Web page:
Often using history as a lens to gain insight into the roles gender and race play in self-determination, Chandra creates vivid characters in stories that engage readers and inspire discussion.
“I knew from an early age, eleven or twelve, that I wanted to be an author. When I was a child, one of my favorite activities was spending quiet hours in my room writing short stories (come to think of it, that is still one of my favorite activities). I also reveled in make-believe games with my two brothers; I remember pretending to be pirates and Ghostbusters and jewel thieves and deep-sea divers. Those early, fanciful imaginings no doubt gave me creative fodder for the books that I’ve written, and the books that I hope are still to come.”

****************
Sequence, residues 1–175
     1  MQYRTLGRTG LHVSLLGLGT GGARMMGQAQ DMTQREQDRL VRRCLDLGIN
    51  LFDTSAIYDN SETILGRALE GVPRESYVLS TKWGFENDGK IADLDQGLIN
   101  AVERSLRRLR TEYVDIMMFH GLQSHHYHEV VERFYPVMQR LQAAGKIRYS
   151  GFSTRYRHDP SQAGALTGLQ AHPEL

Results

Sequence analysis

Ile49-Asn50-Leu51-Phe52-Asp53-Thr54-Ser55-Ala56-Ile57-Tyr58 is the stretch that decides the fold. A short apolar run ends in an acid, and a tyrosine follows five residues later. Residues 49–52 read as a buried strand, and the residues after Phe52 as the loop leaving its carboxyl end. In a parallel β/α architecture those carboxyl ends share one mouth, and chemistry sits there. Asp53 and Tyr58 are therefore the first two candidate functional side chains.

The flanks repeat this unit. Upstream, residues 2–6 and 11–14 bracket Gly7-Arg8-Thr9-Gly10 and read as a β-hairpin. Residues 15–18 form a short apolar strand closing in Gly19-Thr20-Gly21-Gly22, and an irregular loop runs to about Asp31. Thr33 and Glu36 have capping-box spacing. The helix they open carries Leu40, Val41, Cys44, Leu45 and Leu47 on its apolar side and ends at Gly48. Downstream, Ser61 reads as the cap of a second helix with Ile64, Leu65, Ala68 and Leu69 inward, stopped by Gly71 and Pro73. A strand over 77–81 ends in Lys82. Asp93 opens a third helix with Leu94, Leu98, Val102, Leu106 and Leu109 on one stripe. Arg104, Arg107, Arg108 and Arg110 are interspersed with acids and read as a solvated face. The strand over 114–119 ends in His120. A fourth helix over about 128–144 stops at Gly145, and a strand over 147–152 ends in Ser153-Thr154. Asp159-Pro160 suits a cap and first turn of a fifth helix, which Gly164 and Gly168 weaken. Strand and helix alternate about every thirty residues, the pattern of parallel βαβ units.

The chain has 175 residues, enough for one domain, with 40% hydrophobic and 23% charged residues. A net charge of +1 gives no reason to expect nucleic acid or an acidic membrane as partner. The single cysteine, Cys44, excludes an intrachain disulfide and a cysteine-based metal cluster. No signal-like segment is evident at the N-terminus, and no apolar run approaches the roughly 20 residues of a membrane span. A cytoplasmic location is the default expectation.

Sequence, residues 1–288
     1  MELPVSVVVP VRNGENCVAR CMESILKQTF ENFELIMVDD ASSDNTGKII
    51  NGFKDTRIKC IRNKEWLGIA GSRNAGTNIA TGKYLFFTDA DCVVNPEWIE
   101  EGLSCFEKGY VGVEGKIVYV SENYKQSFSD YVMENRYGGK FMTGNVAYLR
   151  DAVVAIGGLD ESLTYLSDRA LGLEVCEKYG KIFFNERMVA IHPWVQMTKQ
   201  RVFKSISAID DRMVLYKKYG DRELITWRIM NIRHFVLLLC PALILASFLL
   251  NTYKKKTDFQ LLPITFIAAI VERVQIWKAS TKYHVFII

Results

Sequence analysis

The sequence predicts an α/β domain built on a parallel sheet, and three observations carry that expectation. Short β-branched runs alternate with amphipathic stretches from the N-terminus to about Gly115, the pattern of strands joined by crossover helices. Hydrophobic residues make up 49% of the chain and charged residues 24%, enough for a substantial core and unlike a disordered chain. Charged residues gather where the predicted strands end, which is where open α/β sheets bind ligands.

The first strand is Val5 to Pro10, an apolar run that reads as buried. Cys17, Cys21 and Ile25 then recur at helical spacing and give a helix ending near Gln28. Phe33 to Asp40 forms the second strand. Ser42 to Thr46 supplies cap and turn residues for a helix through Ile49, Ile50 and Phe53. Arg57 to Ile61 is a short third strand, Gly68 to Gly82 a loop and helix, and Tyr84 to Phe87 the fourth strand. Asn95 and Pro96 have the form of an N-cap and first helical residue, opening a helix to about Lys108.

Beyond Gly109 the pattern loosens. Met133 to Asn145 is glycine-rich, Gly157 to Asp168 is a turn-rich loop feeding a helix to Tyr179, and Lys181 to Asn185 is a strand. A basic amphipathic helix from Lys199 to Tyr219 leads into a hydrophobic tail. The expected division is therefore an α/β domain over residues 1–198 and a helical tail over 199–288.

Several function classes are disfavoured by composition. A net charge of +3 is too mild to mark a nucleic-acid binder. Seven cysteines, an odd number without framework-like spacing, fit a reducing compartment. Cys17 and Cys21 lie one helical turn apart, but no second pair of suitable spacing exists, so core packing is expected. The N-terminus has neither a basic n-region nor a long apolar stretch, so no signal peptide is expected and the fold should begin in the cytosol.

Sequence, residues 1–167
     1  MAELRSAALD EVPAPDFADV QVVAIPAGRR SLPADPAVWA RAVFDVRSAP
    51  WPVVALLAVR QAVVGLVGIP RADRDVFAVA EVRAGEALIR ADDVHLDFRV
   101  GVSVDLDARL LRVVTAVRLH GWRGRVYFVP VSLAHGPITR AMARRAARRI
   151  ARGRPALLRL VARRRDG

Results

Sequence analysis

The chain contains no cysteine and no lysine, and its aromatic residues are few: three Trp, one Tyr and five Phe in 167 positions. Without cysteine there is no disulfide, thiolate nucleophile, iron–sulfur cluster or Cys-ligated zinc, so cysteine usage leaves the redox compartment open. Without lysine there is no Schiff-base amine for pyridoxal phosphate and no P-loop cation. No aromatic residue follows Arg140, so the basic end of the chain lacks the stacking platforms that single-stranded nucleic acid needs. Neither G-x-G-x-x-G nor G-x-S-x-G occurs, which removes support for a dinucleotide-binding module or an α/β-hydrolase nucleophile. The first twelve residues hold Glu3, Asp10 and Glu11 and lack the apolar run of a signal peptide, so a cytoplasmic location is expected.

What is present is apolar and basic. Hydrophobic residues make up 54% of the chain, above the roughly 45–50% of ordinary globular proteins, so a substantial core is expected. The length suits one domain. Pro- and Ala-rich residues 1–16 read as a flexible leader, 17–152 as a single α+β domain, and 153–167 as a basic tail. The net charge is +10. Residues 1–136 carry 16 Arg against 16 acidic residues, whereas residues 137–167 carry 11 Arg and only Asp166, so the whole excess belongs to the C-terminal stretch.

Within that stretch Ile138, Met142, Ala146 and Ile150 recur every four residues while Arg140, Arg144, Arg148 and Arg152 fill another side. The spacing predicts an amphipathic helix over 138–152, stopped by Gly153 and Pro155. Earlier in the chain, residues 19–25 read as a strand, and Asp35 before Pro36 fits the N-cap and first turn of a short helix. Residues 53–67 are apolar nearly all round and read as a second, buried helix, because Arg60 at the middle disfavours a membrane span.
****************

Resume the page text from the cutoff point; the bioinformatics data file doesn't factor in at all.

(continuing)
Finally, the answer to a question that has been keeping me up at night. "Wombat poop: Scientists reveal mystery be… https://t.co/jgnpmsVYS1
My aunt, the children's book artist Maggie Swanson, took this great shot. In her words, "We went to the Rock of G… https://t.co/tyouBMxxUF